A Doll's House and the House of Bernarda Alba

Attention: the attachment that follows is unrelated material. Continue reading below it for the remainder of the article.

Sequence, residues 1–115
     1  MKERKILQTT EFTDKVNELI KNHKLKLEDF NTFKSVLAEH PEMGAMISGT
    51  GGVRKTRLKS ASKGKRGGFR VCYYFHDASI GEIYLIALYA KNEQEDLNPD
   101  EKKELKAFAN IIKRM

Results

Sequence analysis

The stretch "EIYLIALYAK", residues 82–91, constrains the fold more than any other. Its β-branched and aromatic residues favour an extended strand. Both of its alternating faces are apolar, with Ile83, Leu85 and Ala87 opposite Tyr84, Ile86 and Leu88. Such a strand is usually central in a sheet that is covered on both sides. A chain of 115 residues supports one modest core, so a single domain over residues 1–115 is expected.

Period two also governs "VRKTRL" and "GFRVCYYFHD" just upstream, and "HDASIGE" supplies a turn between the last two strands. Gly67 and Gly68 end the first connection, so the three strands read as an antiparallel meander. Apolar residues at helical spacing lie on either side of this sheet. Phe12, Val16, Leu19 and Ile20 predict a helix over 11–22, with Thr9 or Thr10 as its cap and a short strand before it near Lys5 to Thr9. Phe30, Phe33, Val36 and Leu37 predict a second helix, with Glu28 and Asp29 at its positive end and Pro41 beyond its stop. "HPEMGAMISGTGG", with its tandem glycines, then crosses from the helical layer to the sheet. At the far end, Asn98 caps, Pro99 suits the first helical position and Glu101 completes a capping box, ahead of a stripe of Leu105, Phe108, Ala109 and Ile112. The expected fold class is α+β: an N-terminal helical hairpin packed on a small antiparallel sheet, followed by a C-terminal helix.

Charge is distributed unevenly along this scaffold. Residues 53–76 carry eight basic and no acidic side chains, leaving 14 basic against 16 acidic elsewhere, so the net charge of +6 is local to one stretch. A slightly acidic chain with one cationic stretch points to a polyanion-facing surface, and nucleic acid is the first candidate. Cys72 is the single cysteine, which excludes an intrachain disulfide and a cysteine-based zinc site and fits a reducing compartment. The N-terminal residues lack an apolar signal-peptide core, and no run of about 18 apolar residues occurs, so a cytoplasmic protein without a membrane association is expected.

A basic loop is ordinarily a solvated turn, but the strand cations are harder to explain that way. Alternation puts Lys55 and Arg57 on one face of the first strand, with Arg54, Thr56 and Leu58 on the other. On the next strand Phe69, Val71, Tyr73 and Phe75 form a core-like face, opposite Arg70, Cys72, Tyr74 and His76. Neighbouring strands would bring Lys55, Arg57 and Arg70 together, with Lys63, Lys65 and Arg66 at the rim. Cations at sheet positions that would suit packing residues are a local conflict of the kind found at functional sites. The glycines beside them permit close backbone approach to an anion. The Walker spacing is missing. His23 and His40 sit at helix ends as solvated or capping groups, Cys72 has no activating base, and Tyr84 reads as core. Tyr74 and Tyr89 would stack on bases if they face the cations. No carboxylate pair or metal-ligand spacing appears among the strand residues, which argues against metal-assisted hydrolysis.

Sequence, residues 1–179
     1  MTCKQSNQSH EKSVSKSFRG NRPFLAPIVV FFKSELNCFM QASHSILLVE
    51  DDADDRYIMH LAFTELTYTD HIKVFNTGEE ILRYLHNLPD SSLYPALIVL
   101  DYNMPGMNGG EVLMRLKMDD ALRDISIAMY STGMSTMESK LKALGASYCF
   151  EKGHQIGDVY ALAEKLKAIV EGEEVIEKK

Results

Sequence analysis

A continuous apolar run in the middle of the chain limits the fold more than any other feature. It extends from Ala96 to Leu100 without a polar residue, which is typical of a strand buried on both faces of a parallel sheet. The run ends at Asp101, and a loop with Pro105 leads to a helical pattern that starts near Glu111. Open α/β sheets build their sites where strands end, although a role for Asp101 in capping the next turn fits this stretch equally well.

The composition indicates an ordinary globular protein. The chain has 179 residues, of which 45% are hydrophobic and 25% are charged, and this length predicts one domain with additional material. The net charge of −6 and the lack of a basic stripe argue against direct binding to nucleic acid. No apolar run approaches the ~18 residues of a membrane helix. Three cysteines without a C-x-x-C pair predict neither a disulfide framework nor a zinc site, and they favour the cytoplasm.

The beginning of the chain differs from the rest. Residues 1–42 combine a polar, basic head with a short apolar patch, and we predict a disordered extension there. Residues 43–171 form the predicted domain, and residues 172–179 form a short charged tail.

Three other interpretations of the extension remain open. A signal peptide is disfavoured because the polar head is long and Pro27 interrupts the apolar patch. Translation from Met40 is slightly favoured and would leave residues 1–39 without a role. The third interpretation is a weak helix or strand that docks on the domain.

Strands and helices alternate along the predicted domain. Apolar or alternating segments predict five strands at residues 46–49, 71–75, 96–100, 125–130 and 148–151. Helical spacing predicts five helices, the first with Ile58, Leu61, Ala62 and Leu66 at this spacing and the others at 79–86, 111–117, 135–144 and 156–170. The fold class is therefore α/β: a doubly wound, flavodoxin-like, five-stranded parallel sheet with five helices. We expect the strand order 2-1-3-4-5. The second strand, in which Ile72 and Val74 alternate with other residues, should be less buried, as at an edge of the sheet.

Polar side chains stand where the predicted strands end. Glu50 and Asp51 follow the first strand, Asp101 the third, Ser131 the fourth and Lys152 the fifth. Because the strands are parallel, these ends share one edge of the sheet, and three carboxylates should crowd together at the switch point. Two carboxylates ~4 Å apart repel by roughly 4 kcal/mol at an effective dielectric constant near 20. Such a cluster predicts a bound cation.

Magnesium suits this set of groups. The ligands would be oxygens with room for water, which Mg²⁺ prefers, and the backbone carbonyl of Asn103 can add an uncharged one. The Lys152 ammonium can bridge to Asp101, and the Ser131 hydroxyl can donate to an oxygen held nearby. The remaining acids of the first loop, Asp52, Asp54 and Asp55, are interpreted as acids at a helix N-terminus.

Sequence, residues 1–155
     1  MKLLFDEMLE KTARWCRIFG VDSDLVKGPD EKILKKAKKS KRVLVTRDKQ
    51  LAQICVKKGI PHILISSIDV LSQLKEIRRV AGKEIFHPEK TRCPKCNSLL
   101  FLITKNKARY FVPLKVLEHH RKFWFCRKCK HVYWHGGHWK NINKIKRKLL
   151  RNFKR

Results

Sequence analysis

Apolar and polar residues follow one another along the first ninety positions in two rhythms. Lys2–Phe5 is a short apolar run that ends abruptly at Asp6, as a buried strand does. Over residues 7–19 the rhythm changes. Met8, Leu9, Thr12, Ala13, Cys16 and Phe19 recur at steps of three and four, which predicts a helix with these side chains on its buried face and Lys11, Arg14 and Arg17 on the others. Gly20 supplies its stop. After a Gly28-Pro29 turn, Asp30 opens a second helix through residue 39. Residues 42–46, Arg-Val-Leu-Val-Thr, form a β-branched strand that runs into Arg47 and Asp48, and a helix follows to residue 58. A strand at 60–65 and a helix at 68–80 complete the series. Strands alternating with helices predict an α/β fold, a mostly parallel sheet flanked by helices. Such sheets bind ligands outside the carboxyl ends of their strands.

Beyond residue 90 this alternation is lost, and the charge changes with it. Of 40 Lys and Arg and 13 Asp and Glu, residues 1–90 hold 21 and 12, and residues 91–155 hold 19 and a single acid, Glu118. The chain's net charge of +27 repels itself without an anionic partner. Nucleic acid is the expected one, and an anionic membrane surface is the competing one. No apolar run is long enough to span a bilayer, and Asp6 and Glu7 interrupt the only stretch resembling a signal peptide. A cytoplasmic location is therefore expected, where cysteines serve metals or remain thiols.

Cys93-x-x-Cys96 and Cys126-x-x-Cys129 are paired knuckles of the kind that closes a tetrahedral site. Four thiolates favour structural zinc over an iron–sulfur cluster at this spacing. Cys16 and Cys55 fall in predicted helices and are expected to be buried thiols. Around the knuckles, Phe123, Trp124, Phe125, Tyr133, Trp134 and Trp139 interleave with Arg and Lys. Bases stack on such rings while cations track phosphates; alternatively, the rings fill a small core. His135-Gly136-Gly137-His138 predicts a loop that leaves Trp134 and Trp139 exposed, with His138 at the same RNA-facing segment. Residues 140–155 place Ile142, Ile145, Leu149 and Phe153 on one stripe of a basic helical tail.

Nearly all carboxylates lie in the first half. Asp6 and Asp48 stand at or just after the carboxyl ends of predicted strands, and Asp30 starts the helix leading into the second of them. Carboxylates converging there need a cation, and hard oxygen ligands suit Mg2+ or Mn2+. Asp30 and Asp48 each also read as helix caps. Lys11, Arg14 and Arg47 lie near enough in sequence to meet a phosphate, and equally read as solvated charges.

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Federico Garcia Lorca's “The House of Bernarda Alba” and Henrik Ibsen's “A Doll's House” both protest against the confinement of women of their days. Although the Houses are set differently in Spain of 20th century and Norway of 19th century respectively, both the plays relate in illuminating their respective female protagonists, Adela and Nora, as they eventually develop a sense of individuality and self-expression and emerge as free individuals from repression. The authors’ attempts allow the reader audience to gain an insight into the social norms that each protagonist was pitted against. This heightens the tension as the action develops. Both Adela and Nora are inherently individualistic, and their innate nature is bared especially when they covertly display defiance in occasions of high social expectations. After observing her husband’s death, Bernarda declares a long period of mourning – according to the traditional societal beliefs – and orders her daughters to be confined within the walls of their house and to wear only black. But, Adela, disobeys her mother by cheerfully wearing a colourful dress of zealous green and by going out of the house “to look for what is [hers], what belongs to [her]” (Lorca 165) – Pepe el Romano. In A Doll’s House, while Mrs Linde expects, according to society, that “a wife can’t borrow without her husband’s permission,” (Ibsen 20) Nora leaks out her insubordinate action of borrowing. She even dares to forge her father’s sign, but more importantly, she individually decides for herself why she has to forge – to save “her husband’s life” (Ibsen 34) on her own. The pressure to comply with the traditional conventions of society induces the central characters of both the plays to masquerade. Appear... ... middle of paper ... ...dela’s rebellion commences with powerful self-expression: she confronts her mother and declares, “The shouting in this prison is over!” Then, she seizes and breaks her tyrant mother’s rod, deciding for herself that “no one gives [her] orders but Pepe.” (Lorca 167) She declares that “[she is] his woman” and starts to leave the house by ordering that “no one is going to stop [her]!” (Lorca 167) However, after hearing Martirio’s false words, Adela assumes that Pepe is dead; so to Adela, freedom of having sexual relationship with Pepe seems impossible to achieve, hence she chooses demise, freeing herself from the confinement of Bernarda’s House through death. Both Adela and Nora initially have their own ideas of freedom. However, each ultimately attains freedom that significantly differs from her initial desire. Works Cited The House of Bernarda Alba A Doll's House
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